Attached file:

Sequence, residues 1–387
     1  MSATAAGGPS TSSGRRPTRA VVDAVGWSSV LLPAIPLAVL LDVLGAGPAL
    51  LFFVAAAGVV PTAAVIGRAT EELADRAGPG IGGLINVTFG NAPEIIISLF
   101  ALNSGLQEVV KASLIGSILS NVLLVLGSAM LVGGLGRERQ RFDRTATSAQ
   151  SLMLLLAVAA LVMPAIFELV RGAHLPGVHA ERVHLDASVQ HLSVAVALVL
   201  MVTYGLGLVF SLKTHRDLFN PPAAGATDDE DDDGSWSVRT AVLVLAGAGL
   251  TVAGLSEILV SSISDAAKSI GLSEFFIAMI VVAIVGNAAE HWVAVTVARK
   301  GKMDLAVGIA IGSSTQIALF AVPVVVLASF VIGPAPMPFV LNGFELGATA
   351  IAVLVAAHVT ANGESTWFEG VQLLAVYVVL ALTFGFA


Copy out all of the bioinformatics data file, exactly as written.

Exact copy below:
Sequence, residues 1–387
     1  MSATAAGGPS TSSGRRPTRA VVDAVGWSSV LLPAIPLAVL LDVLGAGPAL
    51  LFFVAAAGVV PTAAVIGRAT EELADRAGPG IGGLINVTFG NAPEIIISLF
   101  ALNSGLQEVV KASLIGSILS NVLLVLGSAM LVGGLGRERQ RFDRTATSAQ
   151  SLMLLLAVAA LVMPAIFELV RGAHLPGVHA ERVHLDASVQ HLSVAVALVL
   201  MVTYGLGLVF SLKTHRDLFN PPAAGATDDE DDDGSWSVRT AVLVLAGAGL
   251  TVAGLSEILV SSISDAAKSI GLSEFFIAMI VVAIVGNAAE HWVAVTVARK
   301  GKMDLAVGIA IGSSTQIALF AVPVVVLASF VIGPAPMPFV LNGFELGATA
   351  IAVLVAAHVT ANGESTWFEG VQLLAVYVVL ALTFGFA